Food and Diet

Choosing What to Feed Your Cat

Choosing what you’ll feed your cat is no easy task. There are millions of types, billions of options, tons of brands, and every cat has a different idea of what they consider to be a tasty meal. Today, we’re going to look at what constitutes a healthy, balanced diet and how to navigate the many different types of food available for your furriest friend.

When selecting a cat food, be sure you identify the seller and their reputation. Cat food recalls are the norm rather than the exception and you want to make sure the food you purchase is safe. Check the FDA for any recalled lot numbers and be sure you check the expiration dates on cans.

Choose a brand that is well-known for high quality. This normally means you may be paying more, but what you pay now you’ll save later. Let’s explore the different types of cat food you can choose for your feline family:

Wet Food

In the past, experts believed wet cat food contributed to cat’s dental problems. Today, however, research has proven that is a myth, and that cats get the majority of their water intake from moisture in food, making wet food an important part of your cat’s diet. Wet food comes in a wide variety of flavors that will appeal to the most finicky feline, and the high moisture content is beneficial to the long-term health of your cat.

Dry Food

Most cats eat dry food as the bulk of their diet. Be sure you shop for a high-quality dry food. Many low-quality kibbles can be full of fillers and carbs – ingredients that cats don’t need! These contribute to health issues and weight problems. Look for food that has meat as the first ingredient. While higher quality foods tend to be more expensive, the cost will be offset by long-term lower veterinary costs.

Raw Food

The cooking process can strip out much of a food’s natural vitamins, minerals, and other benefits. That means your cat may not be getting the most nutritional benefits from her traditional wet or dry food. For this reason, many cat parents are turning to raw diets for their pets and seeing wonderful benefits – like improved digestion, dental health, and healthier skin and coat.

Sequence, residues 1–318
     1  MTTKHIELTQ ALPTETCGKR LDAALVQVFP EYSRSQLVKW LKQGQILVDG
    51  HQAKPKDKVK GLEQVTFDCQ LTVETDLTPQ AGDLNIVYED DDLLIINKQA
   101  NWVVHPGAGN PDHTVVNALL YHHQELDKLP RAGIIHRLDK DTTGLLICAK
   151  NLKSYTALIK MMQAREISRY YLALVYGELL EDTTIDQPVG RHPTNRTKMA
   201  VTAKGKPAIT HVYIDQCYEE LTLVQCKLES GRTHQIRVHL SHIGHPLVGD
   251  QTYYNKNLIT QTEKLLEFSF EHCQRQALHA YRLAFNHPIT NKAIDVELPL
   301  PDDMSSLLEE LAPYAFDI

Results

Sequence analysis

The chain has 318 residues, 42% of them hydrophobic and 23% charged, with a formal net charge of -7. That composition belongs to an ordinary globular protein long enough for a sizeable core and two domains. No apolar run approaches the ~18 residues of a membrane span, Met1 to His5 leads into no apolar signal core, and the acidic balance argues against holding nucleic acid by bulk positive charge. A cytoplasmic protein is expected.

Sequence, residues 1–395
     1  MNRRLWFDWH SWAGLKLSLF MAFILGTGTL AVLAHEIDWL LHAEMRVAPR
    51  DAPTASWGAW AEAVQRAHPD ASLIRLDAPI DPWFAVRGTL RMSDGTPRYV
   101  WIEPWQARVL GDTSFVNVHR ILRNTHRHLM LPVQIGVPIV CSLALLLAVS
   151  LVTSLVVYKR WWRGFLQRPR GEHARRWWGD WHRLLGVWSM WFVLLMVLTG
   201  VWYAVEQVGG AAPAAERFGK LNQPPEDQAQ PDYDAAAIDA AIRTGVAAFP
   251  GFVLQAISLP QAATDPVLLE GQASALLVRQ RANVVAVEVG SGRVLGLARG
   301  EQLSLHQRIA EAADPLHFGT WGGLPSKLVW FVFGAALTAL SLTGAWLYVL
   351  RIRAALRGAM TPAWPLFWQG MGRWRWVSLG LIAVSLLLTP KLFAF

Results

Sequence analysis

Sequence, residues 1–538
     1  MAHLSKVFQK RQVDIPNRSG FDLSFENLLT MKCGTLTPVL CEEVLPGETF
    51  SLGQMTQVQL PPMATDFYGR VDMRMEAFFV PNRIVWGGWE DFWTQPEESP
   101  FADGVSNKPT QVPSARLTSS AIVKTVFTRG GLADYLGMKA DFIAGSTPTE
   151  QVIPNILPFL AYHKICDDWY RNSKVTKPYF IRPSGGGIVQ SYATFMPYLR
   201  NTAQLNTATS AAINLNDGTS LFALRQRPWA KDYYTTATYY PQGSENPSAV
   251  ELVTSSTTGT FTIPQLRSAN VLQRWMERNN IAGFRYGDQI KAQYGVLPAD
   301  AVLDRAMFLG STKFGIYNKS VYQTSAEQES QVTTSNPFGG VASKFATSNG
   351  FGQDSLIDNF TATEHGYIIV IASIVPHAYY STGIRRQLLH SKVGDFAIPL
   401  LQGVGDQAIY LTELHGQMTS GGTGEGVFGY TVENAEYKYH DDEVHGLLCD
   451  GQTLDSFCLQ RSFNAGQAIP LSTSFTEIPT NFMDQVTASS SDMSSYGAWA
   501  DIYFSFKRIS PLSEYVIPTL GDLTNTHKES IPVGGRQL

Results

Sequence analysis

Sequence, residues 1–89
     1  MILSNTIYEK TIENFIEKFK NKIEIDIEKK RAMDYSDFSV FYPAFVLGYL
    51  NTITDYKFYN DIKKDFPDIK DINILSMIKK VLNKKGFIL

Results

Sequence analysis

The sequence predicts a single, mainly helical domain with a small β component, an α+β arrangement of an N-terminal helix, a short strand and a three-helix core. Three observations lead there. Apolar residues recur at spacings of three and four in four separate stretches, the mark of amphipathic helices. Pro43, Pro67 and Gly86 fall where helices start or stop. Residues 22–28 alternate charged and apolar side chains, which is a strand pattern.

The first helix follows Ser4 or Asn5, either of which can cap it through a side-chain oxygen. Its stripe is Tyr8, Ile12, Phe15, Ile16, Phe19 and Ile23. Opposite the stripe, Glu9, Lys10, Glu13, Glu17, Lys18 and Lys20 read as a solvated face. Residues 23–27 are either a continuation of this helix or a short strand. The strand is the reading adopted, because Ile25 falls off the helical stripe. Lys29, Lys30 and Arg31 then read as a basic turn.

Specialty & Prescription Food

There are many varieties of specialty and prescription cat foods available for dozens of conditions. Weight loss formulations are some of the more common specialty foods for cats. Since we’ve domesticated them, cats are less active than they would be in the wild, so food has been developed with lower calories to help our cats lose weight. Another common issue that food is formulated to help is urinary health.

Be sure to talk to your veterinarian before feeding any specialty or prescription diet to your cat.

Age-Appropriate Food

Age matters when it comes to cats. Feeding an age-appropriate diet will help deter problems with weight later in life. Kitten food has a higher fat and calorie content to help your kitten grow, while senior and adult foods have lower calorie counts to make sure your cat doesn’t gain weight.

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  1. Pingback: 6 Things Every Pet Cat Needs - The Catington Post

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Just when this dog-eat-dog world has handed you all the poop you can take, it's time to walk the dog. Or wash the dog. Or feed the dog. You get the idea. So welcome to the world of easy-to-care-for cats. Entertainment comes bundled in a furry, huggable, self-cleaning cat who won't beg for your food. In his eyes, you don't eat well enough anyway. Just keep a laser pen handy, sit back and wait for the fun to begin! Cats...ya gotta love 'em.

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